JACC in a Flash | Teaching an Old Drug New Tricks: Digoxin in Worsening Heart Failure

The oldest cardiac drug still in contemporary use, digoxin was prescribed to an estimated 80% of heart failure (HF) patients at its peak. However, as beta-blockers and angiotensin-converting enzyme inhibitors became available, its use declined. While HF management guidelines recommend digoxin as a secondary treatment for HF patients with reduced ejection fraction (HFrEF), Ambrosy et al. suggest that the drug should be reconsidered in patients with worsening chronic HF who remain at high risk for hospital admission or death.

In the main trial of the pivotal Digitalis Investigation Group (DIG) study, patients with reported New York Heart Association class II or III symptoms experienced a trend towards lower risk of HF-specific mortality, while the incidence of allcause, cardiovascular-, and HF-related hospitalization was significantly lower. Digoxin, a cardiac glycoside, was thought to exert these effects in both cardiac and noncardiac tissues (acting as a neurohormonal modulator).

DIG investigators considered serum digoxin concentration (SDC) levels of 0.5-2.0 ng/mL therapeutic; today, guidelines put those levels at 0.5-0.9 ng/ml. Notably, nearly half of patients enrolled in the DIG trial had a supratherapeutic SDC by modern standards, but digoxin therapy did not adversely impact survival. Additionally, many modern medical and device therapies were not yet a part of background therapy when the trial was conducted—potentially limiting the applicability of these data to contemporary clinical practice.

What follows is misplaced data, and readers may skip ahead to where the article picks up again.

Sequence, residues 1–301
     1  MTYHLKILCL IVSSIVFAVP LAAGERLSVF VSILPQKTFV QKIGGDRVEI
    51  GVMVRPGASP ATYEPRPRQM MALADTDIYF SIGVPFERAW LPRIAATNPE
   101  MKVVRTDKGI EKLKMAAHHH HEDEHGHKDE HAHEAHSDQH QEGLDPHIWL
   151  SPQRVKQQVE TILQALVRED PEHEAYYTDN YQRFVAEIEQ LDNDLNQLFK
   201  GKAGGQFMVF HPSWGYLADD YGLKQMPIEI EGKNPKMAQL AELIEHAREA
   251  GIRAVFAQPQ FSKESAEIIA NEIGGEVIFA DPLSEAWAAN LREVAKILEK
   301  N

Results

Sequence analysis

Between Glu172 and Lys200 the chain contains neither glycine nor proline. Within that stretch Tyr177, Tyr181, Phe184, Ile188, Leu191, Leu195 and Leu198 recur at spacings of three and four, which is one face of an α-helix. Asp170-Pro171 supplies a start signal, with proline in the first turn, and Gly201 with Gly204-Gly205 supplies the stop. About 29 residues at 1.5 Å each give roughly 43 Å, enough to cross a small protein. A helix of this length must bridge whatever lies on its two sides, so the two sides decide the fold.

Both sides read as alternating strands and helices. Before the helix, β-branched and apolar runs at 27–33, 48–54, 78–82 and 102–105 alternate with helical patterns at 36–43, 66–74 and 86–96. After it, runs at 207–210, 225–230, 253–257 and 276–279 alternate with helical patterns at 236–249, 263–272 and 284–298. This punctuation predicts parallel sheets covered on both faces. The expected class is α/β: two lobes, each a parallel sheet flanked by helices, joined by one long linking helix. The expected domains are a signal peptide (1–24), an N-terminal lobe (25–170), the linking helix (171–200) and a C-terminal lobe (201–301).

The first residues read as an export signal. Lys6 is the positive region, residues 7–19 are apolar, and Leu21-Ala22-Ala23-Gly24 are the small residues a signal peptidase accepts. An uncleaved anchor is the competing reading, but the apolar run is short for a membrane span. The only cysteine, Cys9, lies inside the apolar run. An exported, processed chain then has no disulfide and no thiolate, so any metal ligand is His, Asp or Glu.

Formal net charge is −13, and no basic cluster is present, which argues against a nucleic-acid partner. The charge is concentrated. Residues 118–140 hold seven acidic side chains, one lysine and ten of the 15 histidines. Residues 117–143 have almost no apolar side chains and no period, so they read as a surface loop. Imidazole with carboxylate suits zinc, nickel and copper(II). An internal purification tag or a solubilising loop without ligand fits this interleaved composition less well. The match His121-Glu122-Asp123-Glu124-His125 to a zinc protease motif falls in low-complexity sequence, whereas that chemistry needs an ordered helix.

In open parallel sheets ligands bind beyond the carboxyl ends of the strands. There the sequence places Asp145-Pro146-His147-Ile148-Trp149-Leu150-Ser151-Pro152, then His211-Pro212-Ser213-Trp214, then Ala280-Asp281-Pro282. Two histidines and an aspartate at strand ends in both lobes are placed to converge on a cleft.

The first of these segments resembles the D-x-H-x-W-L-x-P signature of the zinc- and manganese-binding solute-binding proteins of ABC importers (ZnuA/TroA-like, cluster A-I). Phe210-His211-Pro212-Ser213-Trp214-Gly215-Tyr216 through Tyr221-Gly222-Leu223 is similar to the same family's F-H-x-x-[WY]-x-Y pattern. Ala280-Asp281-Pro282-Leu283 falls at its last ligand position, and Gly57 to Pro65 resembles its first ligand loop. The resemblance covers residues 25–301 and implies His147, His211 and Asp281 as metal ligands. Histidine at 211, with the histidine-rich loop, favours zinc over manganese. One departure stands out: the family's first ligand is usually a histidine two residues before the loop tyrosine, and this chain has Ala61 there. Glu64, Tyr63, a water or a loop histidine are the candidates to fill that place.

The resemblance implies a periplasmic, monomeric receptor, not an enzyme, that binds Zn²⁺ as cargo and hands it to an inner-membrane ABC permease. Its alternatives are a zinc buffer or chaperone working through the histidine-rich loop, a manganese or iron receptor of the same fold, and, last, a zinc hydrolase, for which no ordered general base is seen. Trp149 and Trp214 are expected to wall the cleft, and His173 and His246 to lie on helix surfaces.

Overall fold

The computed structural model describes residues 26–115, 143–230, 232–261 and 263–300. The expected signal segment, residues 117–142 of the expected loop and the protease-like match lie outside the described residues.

A review of several retrospective studies of consecutive patients, clinical trial databases, and prospective cohort studies revealed that, in patients with HFrEF:

  • digoxin therapy held no long-term deleterious consequences
  • digoxin's hemodynamic effects were not attenuated by chronic administration
  • the drug worked synergistically with beta-blockers (as an adjunct for reducing heart rate) and mineralocorticoid receptor antagonists (for its putative antifibrotic properties)
  • digoxin therapy did not decrease blood pressure or worsen renal function

So, can you teach an old drug new tricks? According to Ambrosy and colleagues, future research trials designed specifically to evaluate digoxin in patients with worsening HF should include stable, ambulatory HF patients who are unable to take modern HF management drugs, as well as the 30–40% of HF patients with comorbid atrial fibrillation in whom the combination of carvedilol and digoxin has been shown to improve rate control. Overall, they noted that given safety concerns regarding supratherapeutic levels and digoxin toxicity, future studies should also investigate a dosing algorithm accounting for age, gender, ideal body weight, and renal function. "With appropriate dosing, it may not be necessary to routinely measure SDC in most patients in order to achieve a safe and efficacious level."

Perhaps, the authors suggest, there also needs to be a recalibration of outcome measures. While the "gold standard" for efficacy and safety will always be all-cause mortality, they wrote, "There is growing recognition that the 'patient journey' may include impairments in the day-to-day experience that are not fully captured by traditional outcome measures." Revisiting existing and novel interventions through a set of validated, patient-centered supplementary endpoints, such as hospitalization- free survival, functional capacity, and quality of life, may open up new possibilities for clinical benefit in new subsets of patients.

Ambrosy AP, Butler J, Ahmed A, et al. J Am Coll Cardiol. 2014 February 21. [Epub ahead of print]

Keywords: Outcome Assessment, Health Care, Quality of Life, Digoxin, Mineralocorticoid Receptor Antagonists, Heart Failure

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